” Ah can tell thee lad, it felt fair grand to ha’ some solid earth beneath mi feet instead o’ on t’top o’ me. An’ t’air wer a few coats sweeter an’ all. An’ to cap it all, there wer summat to eit. Ah made no bones abaht it but set into it straight away. Ah could ha’ eaten owt that ‘adn’t eaten me t’first. But Moses made to go off. ‘ Will not my Lord refresh himself?’, asked t’jailer. But my Lord wouldn’t. ‘E nobbut stopped long enough to tell t’jailer to look after me, an’ to tell me to be quiet till ‘e came back, an’ then ‘e wer off. Hah long he wer away, Ah’ve no way o’ tellin’ for Ah fell asleep ageean after eitin’ mi fill, an’ dreamed Ah wer bein’  chased through sludge up to mi waist bi a pack o’ wild dogs, an’ on ’em wer faces like that villain Akhet. But Ah wer sooin wide awake for Moses ‘ad a tale that oppened mi een, an’ a plot to foller it that made mi ‘air stand on end. Tha sees a lot on t’pictures especially American pictures abaht what they call ‘frame – ups’. Well , Moses’s plan against Akhet wer a frame – up. Of course , not altogether, for there’s no doubt ‘e ‘ad some games on fooit – what Ah’d yerd proved that – but not knowin’ enough o’ t’truth to go on wi’, Moses invented t’details to suit ‘issen. An’ o’ coorse, it suited ‘im to shield ‘is mother for one thing, so ‘is mother gate off scot free, innocent or guilty. Ah nawther know nor care. She gate off an’ some chap or another – one of Pharoah’s men servants wer accused in her place.” ” Do you mean he was falsely accused and convicted ?”, I broke in amazed. ” Ay an’ moor nor that ‘e wer executed for it. ‘E was convicted on mi evidence an’ Ah’d do t’same ageean if it came to the push. It wer t’only way we ‘ad a’ getting at Akhet, an’ after all, what wer one Egyptian moor or less to me. Of course t’whole plan wer Moses’s. Ah lacked t’brains for that sort o’ thing. An’ Ah varry near lacked t’courage to carry it through – but Ah knew it wer awther Akhet or me, so Ah decided i’ favour o’ missen. We spent all that neet inventin’ mi part, an’ gettin’ it word perfect an’, as Ah learnt later, Moses’s mother spent very near all t’neet gettin’ bits o’rumours gooin’ abaht t’whole ‘ousehold o’Pharoah.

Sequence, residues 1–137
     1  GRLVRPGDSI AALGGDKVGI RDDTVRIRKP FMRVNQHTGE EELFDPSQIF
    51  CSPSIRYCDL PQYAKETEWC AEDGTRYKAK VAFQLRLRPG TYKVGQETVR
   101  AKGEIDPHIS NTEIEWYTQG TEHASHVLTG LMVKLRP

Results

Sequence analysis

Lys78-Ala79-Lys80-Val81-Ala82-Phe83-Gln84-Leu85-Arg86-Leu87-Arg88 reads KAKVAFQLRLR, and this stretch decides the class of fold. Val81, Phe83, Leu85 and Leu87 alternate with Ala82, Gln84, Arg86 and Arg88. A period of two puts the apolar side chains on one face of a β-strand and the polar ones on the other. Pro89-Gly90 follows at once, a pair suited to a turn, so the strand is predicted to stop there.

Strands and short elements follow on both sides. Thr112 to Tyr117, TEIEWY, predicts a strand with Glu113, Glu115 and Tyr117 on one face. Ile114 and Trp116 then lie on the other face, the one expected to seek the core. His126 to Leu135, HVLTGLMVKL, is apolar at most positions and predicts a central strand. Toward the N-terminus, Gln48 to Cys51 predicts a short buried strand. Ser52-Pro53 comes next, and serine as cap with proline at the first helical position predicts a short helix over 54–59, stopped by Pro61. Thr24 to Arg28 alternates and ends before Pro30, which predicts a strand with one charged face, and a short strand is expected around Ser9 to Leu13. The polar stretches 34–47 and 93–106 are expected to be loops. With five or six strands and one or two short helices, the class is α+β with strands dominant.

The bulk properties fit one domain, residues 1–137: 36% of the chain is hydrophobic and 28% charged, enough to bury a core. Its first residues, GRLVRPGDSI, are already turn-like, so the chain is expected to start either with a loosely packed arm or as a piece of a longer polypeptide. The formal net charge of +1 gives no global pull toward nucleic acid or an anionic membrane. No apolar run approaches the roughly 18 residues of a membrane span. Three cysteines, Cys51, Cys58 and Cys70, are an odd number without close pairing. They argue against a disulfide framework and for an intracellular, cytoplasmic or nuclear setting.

Nah there’s no place i’ t’world like kings’ palaces for gossip an’ tittle-tattle. It beats a barber’s shop, a sewin’- meetin’ an’ a newspaper office all put together. An’ i’ t’mornin’, between wakkenin’ an’ gettin’ ‘is breakfast, Pharoah heard o’ a dozen plots ageean ‘is life. T’only thing ‘e weren’t telled wer news of ‘is own death, although ‘e wer in a funk big enough to make ‘im believe that. The funk ‘e wer in wer nowt to t’funk Ah wer in when a guard o’ big hefty chaps fetched me out o’prison and yanked me afoor Pharoah. When Ah gate into t’big ‘all , mi knees let me down o’ theer own accord, an’ Ah fair dithered ….. anyway t’frame-up came off all reight. Easier nor onny o’ us expected as a matter o’fact. Ah stuck to t’tale Ah got off bi heart. Hah Ah’d ‘idden under t’floor becos Ah darsent be seen leavin’ t’Palace i’ dayleet an’ hah Ah’d yerd two voices plannin’ mi Lord Pharoah’s death, an’ hah mi Lord Moses ‘ad collared me an’ hah mi Lord Akhet ‘ad copt us beneath. Eh, Ah went through it like a play-actor stoppin’ to whimper an’ snivel, when Ah stuck for mi next words. An’ they believed me – all but ’em ‘at really know t’truth o’ coorse – but t’others swallowed it – theer’s nowt harder to believe nor t’truth. What made it more believable wer that Ah wouldn’t tell who it wer that Ah’d yerd plottin’ Pharoah’s death. Ah let on to be too freetened – an’ Akhet, at a word from Pharoah, stepped up to me an’ said ‘Slave’. ‘ Have mercy mi Lord’ Ah screamed, ‘ thy slave ‘ad no thowt o’ betrayin’ thee’.